Stripe adds support for Alipay, opens China to western businesses

Closing the gap between China and the rest of the world, Stripe has partnered with Alibaba's Alipay to allow Chinese shoppers to make international purchases.

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Stripe

San Francisco-based startup Stripe has secured a deal with Chinese company Alibaba's third-party payment service Alipay in a partnership that opens up western businesses to what accounts for half of China's internet transactions.

Stripe offers businesses and individuals the ability to make payments easily over the Internet, similar to PayPal.

According to a blog post from Stripe, the company offers support for as many as 1 billion card holders using payment options like Visa, American Express, Mastercard, and PayPal -- but these options see little use in China.

"We're building a universal platform for internet commerce; in order to enable China's 1.3 billion people to buy from Stripe businesses, we decided to add support for Alipay," writes Christian Andreson, Stripe's lead engineer.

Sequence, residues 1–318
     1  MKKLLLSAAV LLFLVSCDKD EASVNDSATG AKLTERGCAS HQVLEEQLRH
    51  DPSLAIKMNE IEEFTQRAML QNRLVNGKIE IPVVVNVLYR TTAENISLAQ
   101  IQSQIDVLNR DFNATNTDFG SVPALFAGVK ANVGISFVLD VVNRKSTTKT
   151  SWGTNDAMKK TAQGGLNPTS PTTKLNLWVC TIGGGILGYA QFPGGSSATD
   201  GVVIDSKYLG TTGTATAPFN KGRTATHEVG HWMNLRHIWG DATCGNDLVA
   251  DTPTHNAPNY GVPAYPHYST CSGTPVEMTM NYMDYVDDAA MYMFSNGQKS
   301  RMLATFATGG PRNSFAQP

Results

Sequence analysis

Making payments through Alipay is said to be frictionless on Stripe. While shoppers typically have to fill out a form on Alipay on another page, completing a payment on Stripe requires just an email address and SMS code at checkout.

Stripe's announcement comes on the heels of Alibaba's launch of its first US e-commerce site 11 Main, initially catering to local businesses that have specialty goods to sell.

Mobile payments are a burgeoning industry, with China seeing a 255 percent growth year-over-year to $623 billion (£367 billion, AU$664 billion) according to the People's Bank of China. But despite the wave of western businesses eager to capitalize on these Chinese users, partnering with Chinese payment solutions has traditionally been a tricky hurdle.

Western mobile payment competitor Fortumo has struggled to enter the Chinese market (it's the company's third attempt), and merely enables microtransactions in China despite having billing partnerships with carriers like China Mobile.

But the larger threat has been China's central bank, which has seemingly sought to enact state regulations on technological innovations in China. In March, it was reported that China's regulators proposed a spending cap of 10,000 RMB ($1,603, £944, AU$1,710) per month on transactions through mobile payment systems.

Stripe's Alipay program is currently in beta, but is said to be rolling out to all businesses over the coming weeks.

Tags:
Mobile
About the author

Francis Bea is a technology writer who has written about social media, mobile startups, and the latest tech trends in China for Digital Trends and TheNextWeb. When Francis isn't writing about tech, you'll find him musing about the mobile ad industry by day for AppFlood, a mobile advertising network, and tinkering with startup ideas by night.

 

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